Crucial To Deployment

Ethernet switch technology plays key role in NERC CIP perimeter security requirements

Common sense—and the North American Electric Reliability Council’s cyber security standards (NERC CIP) for North America—suggests that security in power stations is of utmost importance. With the growth of IP-based network applications throughout the power industry, power plants have increased their ability to control and monitor both central utility operations and remote installations. NERC identifies security concerns and lists out a set of requirements for minimum security in the industry.

Physical security, as defined by NERC CIP, has an IP component to it. The standards-based flexibility of IP-compatible products provides the bestknown solution for the security and surveillance of power plants.

At one nuclear power plant, thermal imaging infrared cameras are installed around the physical perimeter of the facility to provide state-of-the-art threat detection and assessment capability. The plant is protected by a FLIR thermal fence, which provides a full-integrated perimeter alert system.

The perimeter protection solution incorporates both thermal security cameras and the FLIR sensors manager control and management software to create a full virtual fence solution, capable of protecting critical infrastructure sites.

Underlying Network Support

In order to connect the virtual fence with staff in the plant and at central operations, Ethernet switches that can operate reliably under the harsh conditions at the plant were required. Because the perimeter security is integrated with a single ring-based network within the facility, which is required to securely manage a variety of functions, the switches need a variety of port types to support various equipment requirements.

Externally located switches that connect to components of the thermal fence needed to be hardened to withstand harsh temperatures (-40 to 85 degrees C). In addition, they needed to be outfitted with sealed cases that would protect against rain, dirt and other contaminants. While some designers attempt to use commercial switches with elaborate protection schemes or dramatically reduced MTBF expectations, industrially hardened switches—in this case, Magnum 6K field switches—solve the problem with a sealed, convectioncooled model that features an advanced thermal design that allows the case to serve as a heat sink.

Magnum switches offer unique portconfiguration capabilities that provide the highest level of flexibility in specifying port types. The outdoor units are specified with a number of managed PoE ports that enable both data and power to run over a single cable to support the cameras.

Video Data Management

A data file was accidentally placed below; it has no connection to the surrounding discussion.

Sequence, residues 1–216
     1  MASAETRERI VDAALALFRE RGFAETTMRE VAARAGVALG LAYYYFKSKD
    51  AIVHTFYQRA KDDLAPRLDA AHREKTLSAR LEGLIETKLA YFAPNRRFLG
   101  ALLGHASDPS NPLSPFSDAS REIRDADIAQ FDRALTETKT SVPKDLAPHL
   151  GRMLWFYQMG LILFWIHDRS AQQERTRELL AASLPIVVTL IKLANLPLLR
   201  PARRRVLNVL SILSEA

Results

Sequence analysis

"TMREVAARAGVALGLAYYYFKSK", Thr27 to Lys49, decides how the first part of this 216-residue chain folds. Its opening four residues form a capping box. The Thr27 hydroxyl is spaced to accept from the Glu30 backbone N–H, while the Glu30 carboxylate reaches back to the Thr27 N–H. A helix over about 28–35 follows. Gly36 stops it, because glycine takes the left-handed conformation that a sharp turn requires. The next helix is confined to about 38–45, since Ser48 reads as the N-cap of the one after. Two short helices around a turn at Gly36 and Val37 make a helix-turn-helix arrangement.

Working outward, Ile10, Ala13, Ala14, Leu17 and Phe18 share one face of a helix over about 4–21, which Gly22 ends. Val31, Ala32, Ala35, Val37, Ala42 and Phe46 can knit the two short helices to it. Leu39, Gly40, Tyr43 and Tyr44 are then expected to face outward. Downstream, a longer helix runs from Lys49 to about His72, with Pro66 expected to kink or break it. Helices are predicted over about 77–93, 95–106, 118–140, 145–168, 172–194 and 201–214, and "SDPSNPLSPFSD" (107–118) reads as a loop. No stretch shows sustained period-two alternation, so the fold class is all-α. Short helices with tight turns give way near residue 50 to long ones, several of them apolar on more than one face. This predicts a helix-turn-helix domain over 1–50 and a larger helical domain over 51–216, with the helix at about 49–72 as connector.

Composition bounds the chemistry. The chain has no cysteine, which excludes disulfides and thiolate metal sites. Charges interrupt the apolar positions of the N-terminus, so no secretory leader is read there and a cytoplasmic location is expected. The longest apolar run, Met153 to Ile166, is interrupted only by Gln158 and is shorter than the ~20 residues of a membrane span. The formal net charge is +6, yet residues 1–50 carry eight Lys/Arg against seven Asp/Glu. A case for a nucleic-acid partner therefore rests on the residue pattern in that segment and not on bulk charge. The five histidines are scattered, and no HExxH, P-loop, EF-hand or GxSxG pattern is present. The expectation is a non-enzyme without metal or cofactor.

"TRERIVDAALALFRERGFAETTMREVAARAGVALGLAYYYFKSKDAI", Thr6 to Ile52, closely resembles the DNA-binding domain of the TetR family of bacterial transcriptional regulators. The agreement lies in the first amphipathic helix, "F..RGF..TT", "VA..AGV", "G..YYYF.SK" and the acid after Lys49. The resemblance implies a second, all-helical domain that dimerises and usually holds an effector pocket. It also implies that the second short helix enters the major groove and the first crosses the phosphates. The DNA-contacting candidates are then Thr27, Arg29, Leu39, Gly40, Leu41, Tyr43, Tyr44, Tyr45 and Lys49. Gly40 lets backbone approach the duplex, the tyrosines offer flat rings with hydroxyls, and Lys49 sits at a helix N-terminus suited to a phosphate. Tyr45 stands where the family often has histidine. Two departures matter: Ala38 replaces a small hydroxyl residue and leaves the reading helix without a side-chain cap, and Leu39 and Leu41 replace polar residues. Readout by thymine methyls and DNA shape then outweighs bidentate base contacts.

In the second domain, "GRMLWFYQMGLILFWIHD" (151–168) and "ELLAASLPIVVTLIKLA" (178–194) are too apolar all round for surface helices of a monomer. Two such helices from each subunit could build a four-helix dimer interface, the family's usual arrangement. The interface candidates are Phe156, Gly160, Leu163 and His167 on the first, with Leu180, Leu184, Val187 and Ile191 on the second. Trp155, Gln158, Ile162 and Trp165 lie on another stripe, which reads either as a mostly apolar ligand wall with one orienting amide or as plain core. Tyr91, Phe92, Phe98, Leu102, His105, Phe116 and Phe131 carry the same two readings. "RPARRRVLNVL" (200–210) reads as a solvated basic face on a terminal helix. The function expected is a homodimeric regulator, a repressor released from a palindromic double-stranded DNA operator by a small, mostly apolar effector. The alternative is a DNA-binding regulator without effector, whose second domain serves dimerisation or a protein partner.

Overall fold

Managing a high volume of security data from the videos requires sophisticated data management capabilities, such as IGMP Snooping and IGMP-L2, because of the high bandwidth requirements of a video surveillance system. For efficiency, it is important to develop a way to selectively manage IP video multicast traffic. The common approach uses the standard Internet Group Management Protocol (IGMP), which requires routers in addition to switches. GarrettCom’s IGMP-L2 is a switchbased system that simplifies the network and eliminates wasted bandwidth consumption while still permitting large numbers of multicast data streams to be efficiently handled with video feeds delivered to suit each viewing user’s needs.

Ring Topology

The switches are organized into interlocking ring configurations that provide rapid fault recovery to meet the plant’s needs for highest reliability. The switches offer fast link recovery using RSTP-2004.

The network topology requires a full range of fiber and copper port options, as well as a variety of bandwidths. Switch capabilities range from server room switches with up to 32 ports and gigabit bandwidth support for fiber backbones to smaller field switches that can support connectivity to the security system components and intelligent electronic devices (IED) within the plant. VLANs are used to provide secure communication tunnels. Secure switch management software can provide an extra level of reliability including functionality, such as SSH and SSL access, Secure FTP connections for large file transfers, software downloads, configuration files, scripts, support for up to 256 VLANs, Modbus protocol support over TCP/IP, TACACS and RADIUS server authentication, and the ability to have external events (Syslog) put into the switch’s Event Log to correlate with local security events.

The use of IP for power utility perimeter security—and, in fact, for all utility networking—adds a new level of flexibility and bandwidth. Although there is concern among some in the industry that IP provides a new level of risk of cyber attack, it is clear that even NERC recognizes that the benefits of the increased functionality outweigh the concerns. Careful and insightful development of security infrastructure can provide security systems that are not only effective today but are futureproof and scalable to meet future needs.

This article originally appeared in the March 2012 issue of Security Today.

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    June 2018

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